WELCOME TO THE ARTERIOVENOUS MALFORMATION (AVM) COMMUNITY: This Patient-To-Patient Community is for discussions relating to Arteriovenous Malformations, which are defects of the circulatory system that are generally believed to arise during embryonic or fetal development or soon after birth. They are comprised of snarled tangles of arteries and veins.
The goals of treating mitral valve prolapse (MVP) are to:
Most people with MVP don't need treatment because they don't have significant regurgitation of blood through the valve, and they have few or no symptoms. Even people who do have symptoms may not require treatment. The presence of symptoms doesn't necessarily mean that there is significant regurgitation through the valve. People with MVP and troublesome mitral valve regurgitation usually need treatment.
MVP can be treated with medicine, surgery, or both.
For people with MVP who have little or no regurgitation, medicines called beta blockers have been used to treat symptoms such as palpitations (strong or rapid heartbeats) and chest discomfort.
For people with MVP who have significant regurgitation and symptoms, the following medicines may be used to prevent complications:
Surgery on the mitral valve is done only when the valve is very abnormal and blood is regurgitating into the atrium. The main goal of surgery is to improve symptoms and reduce the risk for heart failure.
The timing of the surgery is very important. If it's done too early and your leaking valve is working fairly well, you may be put at needless risk from surgery. If it's done too late, irreversible heart damage may have already occurred.
Surgical approaches. The traditional surgical approach for mitral valve repair and replacement is through an incision in the breastbone to expose the heart. A small but growing number of heart surgeons are using another approach that uses one or more smaller incisions through the side of the chest wall. This approach can result in less cutting, reduced blood loss, and a shorter hospital stay, but it isn't available yet in all hospitals.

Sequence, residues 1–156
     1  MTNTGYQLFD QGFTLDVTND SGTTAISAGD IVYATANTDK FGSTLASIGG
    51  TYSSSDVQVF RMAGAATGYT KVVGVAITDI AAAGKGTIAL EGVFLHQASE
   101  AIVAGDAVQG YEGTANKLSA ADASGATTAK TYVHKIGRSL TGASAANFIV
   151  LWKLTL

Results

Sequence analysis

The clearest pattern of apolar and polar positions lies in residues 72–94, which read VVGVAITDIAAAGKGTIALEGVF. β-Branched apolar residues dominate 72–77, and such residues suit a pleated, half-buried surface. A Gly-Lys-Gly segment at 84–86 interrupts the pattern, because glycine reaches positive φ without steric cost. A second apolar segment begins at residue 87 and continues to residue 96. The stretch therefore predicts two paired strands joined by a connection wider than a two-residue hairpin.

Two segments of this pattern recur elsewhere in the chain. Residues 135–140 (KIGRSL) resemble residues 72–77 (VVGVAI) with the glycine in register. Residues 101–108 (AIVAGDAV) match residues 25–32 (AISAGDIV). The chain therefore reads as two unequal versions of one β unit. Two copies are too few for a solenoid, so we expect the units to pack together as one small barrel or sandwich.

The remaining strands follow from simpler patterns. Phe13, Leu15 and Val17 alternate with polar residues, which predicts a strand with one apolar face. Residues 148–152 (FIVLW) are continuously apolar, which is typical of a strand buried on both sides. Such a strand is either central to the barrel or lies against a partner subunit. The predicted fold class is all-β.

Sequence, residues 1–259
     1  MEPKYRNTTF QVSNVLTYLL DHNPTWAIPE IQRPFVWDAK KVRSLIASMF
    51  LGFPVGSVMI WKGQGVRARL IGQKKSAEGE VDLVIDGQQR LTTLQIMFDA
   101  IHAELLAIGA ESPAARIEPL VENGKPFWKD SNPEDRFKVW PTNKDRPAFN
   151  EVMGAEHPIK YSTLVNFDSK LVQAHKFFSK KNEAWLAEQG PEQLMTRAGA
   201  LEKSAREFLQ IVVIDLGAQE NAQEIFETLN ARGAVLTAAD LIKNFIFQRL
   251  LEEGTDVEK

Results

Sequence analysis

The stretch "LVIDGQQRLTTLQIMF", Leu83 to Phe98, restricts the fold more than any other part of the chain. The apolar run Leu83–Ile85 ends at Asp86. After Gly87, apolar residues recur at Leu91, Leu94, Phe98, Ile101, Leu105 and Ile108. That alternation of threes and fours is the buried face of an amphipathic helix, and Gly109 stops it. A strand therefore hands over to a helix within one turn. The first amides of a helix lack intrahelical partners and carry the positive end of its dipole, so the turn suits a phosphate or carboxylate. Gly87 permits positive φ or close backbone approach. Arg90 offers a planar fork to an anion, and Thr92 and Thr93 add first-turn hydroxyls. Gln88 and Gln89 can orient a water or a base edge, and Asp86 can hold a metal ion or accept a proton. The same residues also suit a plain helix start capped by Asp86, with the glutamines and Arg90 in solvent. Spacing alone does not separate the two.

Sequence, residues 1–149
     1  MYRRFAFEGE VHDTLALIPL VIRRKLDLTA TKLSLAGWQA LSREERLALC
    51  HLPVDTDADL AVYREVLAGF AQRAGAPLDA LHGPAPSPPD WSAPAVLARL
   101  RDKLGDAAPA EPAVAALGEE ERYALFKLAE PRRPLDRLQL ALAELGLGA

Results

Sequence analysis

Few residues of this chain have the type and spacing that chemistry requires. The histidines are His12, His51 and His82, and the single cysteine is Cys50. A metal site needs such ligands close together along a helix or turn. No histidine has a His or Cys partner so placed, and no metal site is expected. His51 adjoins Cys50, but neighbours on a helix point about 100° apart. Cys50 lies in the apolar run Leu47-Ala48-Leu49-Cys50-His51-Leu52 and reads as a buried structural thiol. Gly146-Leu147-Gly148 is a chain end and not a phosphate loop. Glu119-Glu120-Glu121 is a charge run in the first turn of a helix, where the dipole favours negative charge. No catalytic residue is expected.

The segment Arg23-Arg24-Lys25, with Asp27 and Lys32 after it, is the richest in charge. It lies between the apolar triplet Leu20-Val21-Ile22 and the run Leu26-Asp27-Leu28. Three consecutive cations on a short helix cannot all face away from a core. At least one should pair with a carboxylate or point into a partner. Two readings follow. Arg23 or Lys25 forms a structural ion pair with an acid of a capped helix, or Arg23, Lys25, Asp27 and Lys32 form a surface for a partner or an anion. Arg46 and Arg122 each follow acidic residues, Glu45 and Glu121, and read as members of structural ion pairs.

Valve repair versus valve replacement. In mitral valve surgery, the valve may either be repaired or replaced completely. Valve repair is preferred when possible. It's less likely to weaken the heart, lowers the risk of infection, and decreases the need for lifelong use of blood-thinning medicines.
If repair isn't an option, then the valve can be replaced. Two types of substitute valves are available: a mechanical valve or a biological valve.
Mechanical valves are made of man-made materials and can last a lifetime. Patients with mechanical valves must take blood-thinning medicines for life. Biological valves are valves taken from cows or pigs or made from human tissue. Many patients with biological valves don't need to take blood-thinning medicines for life. The major drawback of biological valves is that they weaken and often only last about 10 years.
After surgery, a patient usually stays in the intensive care unit in the hospital for 2 to 3 days. Most people spend about 1 to 2 weeks in the hospital. Complete recovery takes a few weeks to several months, depending on the person's health before surgery.
If you've had valve repair or replacement, you may need antibiotics before dental work and surgery that can allow bacteria into the bloodstream. These medicines can help prevent infective endocarditis, a serious heart valve infection. Talk to your doctor about whether you need to take antibiotics before such procedures.
Experimental approaches. Some researchers are testing the repair of leaky valves using a catheter inserted through a large blood vessel. While this approach is less invasive and can save the patient from having open heart surgery, it's only being done in a few medical centers. In addition, because it's a new procedure, it hasn't yet been shown in large studies to be better than traditional approaches.
Author/Source: National Heart, Lung & Blood Institute, Division of the National Institutes of Health [NIH]
Retrieved: June 2008